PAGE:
Bhutanese refugees languishing in camps in Nepal rejected on Thursday a proposal by the United Nations High Commissioner for Refugees (UNHCR) to resettle them in other countries to resolve their plight.
The UNHCR representative in Nepal, Abraham Abraham, this month proposed relocating more than 100,000 refugees from eastern Nepal to third countries if their repatriation did not come through.
"We are not happy with it because we are trying hard for our repatriation," Thinley Penjore, leader of the Bhutanese Movement Steering Committee, said.
"With the third country resettlement programme, we fear losing our national identity and right to return to Bhutan."
In the early 1990s, the king of Bhutan stripped hundreds of ethnic Nepalis of their citizenship and threw them out of the Himalayan country after they complained of racial discrimination and campaigned for democracy.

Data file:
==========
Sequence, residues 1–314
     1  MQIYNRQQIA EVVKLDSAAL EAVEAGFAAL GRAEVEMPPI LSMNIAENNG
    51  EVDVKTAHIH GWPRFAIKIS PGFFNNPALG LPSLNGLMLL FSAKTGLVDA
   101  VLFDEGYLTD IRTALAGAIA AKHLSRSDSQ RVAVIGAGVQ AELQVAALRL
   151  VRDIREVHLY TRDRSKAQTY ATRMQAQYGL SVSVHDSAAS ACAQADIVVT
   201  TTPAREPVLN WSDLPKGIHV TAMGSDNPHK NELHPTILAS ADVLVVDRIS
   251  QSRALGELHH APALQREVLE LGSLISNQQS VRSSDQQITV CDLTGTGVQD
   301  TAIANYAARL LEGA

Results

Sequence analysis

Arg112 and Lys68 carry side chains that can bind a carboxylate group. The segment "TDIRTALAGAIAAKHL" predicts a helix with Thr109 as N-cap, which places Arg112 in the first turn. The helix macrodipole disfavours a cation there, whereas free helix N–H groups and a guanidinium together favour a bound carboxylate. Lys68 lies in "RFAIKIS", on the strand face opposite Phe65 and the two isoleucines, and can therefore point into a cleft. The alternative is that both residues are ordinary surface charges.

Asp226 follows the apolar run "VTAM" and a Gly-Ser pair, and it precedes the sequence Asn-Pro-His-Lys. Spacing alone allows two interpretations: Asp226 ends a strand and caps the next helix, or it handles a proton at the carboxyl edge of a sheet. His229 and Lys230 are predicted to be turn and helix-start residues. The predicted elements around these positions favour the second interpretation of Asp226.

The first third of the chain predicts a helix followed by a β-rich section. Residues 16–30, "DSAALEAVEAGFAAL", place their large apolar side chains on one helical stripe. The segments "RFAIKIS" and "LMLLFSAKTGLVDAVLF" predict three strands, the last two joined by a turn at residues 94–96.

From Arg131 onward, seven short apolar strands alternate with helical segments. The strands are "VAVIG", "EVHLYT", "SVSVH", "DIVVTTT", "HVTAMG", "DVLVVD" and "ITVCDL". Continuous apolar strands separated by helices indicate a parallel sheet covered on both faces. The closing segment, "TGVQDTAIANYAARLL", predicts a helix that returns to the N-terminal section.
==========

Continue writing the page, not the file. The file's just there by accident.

Tens of thousands joined them in exile and now more than 100,000 live in refugee camps, mostly temporary huts, managed by the UNHCR and other aid agencies.
Bilateral talks between Nepal and Bhutan on their repatriation have been stalled since December 2003.
Now that the king of Bhutan, Jigme Singye Wangchuck, has slowly begun pushing his isolated kingdom towards democracy, the refugees want to return and vote in elections scheduled for 2008.
"We may have lived in the camps for many years, but still we have not forgotten our homeland where we have left behind our close relatives, including our aged parents and properties," Penjore said.